ACIM Chapter 7. I. The Last Step, P 3, 4

ACIM Chapter 7. I. The Last Step, P 3, 4. Your creations belong in you, as you belong in God. You are part of God, as your sons are part of His Sons.

ACIM Chapter 7. I. The Last Step, P 3, 4

ACIM Chapter 7. I. The Last Step, P 3, 4

I. The Last Step, P 3

3 Your creations belong in you, as you belong in God. You are part of God, as your sons are part of His Sons. To create is to love. Love extends outward simply because it cannot be contained. Being limitless it does not stop. It creates forever, but not in time. God’s creations have always been, because He has always been. Your creations have always been, because you can create only as God creates. Eternity is yours, because He created you eternal.

We have creations who are part of us and part of God. They have always been as we have always been. When Jesus reminds us of our creations, I long to remember them. It is one more reason to awaken from this dream of being separate and different from creation. I treasure these passages that define God and our relationship to Him. He created us as an extension of Himself, eternally one with Him and in Him. As an extension of God, we create, and our creations are one with us and with God eternally. This is never-ending creation, love extending outward, limitless, and forever part of God.

I. The Last Step, P 4

4 The ego, on the other hand, always demands reciprocal rights, because it is competitive rather than loving. It is always willing to strike a bargain, but it cannot understand that to be like another means that no bargains are possible. To gain you must give, not bargain. To bargain is to limit giving, and this is not God’s Will. To will with God is to create like Him. God does not limit His gifts in any way. You are His gifts, and so your gifts must be like His. Your gifts to the Kingdom must be like His gifts to you.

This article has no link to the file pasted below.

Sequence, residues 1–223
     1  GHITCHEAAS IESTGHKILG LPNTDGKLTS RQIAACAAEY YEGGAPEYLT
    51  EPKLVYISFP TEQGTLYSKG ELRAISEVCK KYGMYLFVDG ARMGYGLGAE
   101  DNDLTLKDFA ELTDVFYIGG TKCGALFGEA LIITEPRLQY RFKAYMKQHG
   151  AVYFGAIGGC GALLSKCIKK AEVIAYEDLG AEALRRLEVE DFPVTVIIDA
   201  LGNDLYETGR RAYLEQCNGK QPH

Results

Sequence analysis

A Course in Miracles introduces me to a God so unlike the one I learned about in traditional religion. That God loved me only when I was obedient and punished me when I was not. The God I used to believe in was a bargain-maker. It seems so obvious to me now that this God is simply a reflection of the ego and not God at all. God gives and only gives. He has no conditions on His giving. He gives because that is His nature, and because He created me from His nature, as an extension of His nature, I, too, give without condition. So this thing I seem to be now, this bargain maker, is clearly not me.

Becoming aware of my beliefs that do not reflect my true nature is the first step in returning to my senses.

I ask that these beliefs be brought to my attention. How do I still reflect the belief that love is a contract, a bargain to be struck? How do I try to set boundaries and limits on love? I want to be aware of these misconceptions in my mind so that I can look with Spirit and allow them to be undone for me. As the answers to my prayers begin to play across my mind, I see that they are many and often subtle.